For many people, IRAs make up a large part of their estate. Many employer sponsored defined benefits plans, such as 401(k), 403(b) and 457 plans, are rolled over to IRAs because of the added flexibility and features IRAs provide. When you prepare and execute your estate planning documents, you should ensure that the beneficiary designations in your investment accounts, including IRAs, life insurance policies and bank accounts, are consistent with your estate plan. Otherwise, the results you achieve may not be what you expected. For example, if your will or trust leaves your assets to your children, but your beneficiary designations on your investment accounts name a different person, the named beneficiary may receive a larger portion of your estate than intended. In an extreme case, a former spouse could be a lucky recipient of a large IRA, totally unexpected by everyone involved.
Typically, people name family members and friends as beneficiaries of their IRAs and other investments. When the account owner passes, the beneficiary submits a death certificate to the custodian of the account, files a death claim, and obtains the assets. In many cases, this is a simple and expeditious way to transfer assets at passing and avoid probate. As long as an outright distribution to a named person is consistent with the account owner’s wishes, this can be quite effective.
In some estate plans, there may be good reasons not to name an individual as the beneficiary of an IRA. For example, if all investments have designated beneficiaries, there may not be sufficient cash available to make specific distributions or to pay taxes or creditors, or you may wish to put restrictions on when and how beneficiaries may receive their inheritance, such as distributions over time instead of outright at your passing. For estate tax reasons, you may wish to name your spouse as the primary beneficiary of your IRA, and name your trust as the contingent beneficiary. Then, if the spouse disclaims any portion of the IRA, those funds can be used to fund a credit shelter trust, thereby preserving the estate tax exemption for the first spouse to pass away. In these cases, you may wish to name a trust as a beneficiary of your IRA.
As an initial matter, you should not retitle your IRA into the name of your trust because this would be considered a taxable transfer. Instead, you could name your trust as the beneficiary or contingent beneficiary of your IRA as long as certain conditions, some of which are discussed below, have been met.
If a trust meets certain rules, then the trust may be considered a “see-through trust” and the beneficiaries of the trust will be treated as “designated beneficiaries” of the IRA. As designated beneficiaries, they will be able to take advantage of certain stretch provisions which allow them to take their distributions over a longer period of time. These requirements are:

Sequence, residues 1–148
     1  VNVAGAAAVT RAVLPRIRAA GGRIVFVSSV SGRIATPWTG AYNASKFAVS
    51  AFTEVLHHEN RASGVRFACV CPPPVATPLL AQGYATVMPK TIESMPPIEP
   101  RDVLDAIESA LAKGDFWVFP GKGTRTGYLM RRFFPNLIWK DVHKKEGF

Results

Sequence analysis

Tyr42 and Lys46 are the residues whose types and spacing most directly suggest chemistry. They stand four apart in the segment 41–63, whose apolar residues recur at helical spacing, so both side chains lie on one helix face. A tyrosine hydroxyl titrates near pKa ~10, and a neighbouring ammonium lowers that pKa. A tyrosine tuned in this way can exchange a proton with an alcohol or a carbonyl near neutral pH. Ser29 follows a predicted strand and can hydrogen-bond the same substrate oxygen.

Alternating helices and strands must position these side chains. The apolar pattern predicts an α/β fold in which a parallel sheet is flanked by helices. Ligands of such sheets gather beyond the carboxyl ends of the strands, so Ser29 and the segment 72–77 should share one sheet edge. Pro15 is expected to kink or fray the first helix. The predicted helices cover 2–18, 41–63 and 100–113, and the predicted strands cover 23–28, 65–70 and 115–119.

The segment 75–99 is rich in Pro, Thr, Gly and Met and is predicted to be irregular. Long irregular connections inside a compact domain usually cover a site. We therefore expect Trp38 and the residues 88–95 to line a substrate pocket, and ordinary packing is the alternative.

Based on these rules, you may choose not to name your trust as a beneficiary of an IRA if you have charitable beneficiaries named in your trust because it would not be classified as a “see-through trust.” However, naming only a charity as the beneficiary of your IRA is ideal because, unlike individual beneficiaries, a charity would not have to pay income tax on the distributions from your IRA, which would maximize the gift you make to charity. If your IRA is larger than your planned gift to charity, during your life you can divide your IRA into smaller IRA accounts based on specific beneficiaries. Then you can name your favorite charity as the beneficiary of an IRA account funded with the amount you wish to donate to that charity at passing.
There are many issues to consider when making beneficiary designations, either to named individuals, your trust, or other organizations. Your attorney, financial planner and tax accountant may advise you before making beneficiary designations on the estate planning and tax issues relating to your decisions. Also, in the future, if you amend your beneficiary designations, you should make sure that your attorney, financial planner and tax accountant review the changes to advise you whether your beneficiary designations are still appropriate. Your estate planning attorney and financial advisor can work with you to help you achieve your estate planning goals.
This newsletter is for general information and education purposes only.
It is not offered as legal advice or legal opinion.
To the extent this message contains tax advice, the U.S. Treasury Department requires us to inform you that any advice in this letter is not intended or written by our firm to be used, and cannot be used by any taxpayer, for the purpose of avoiding any penalties that may be imposed under the Internal Revenue Code. Advice from our firm relating to Federal tax matters may not be used in promoting, marketing or recommending any entity, investment plan or arrangement to any taxpayer.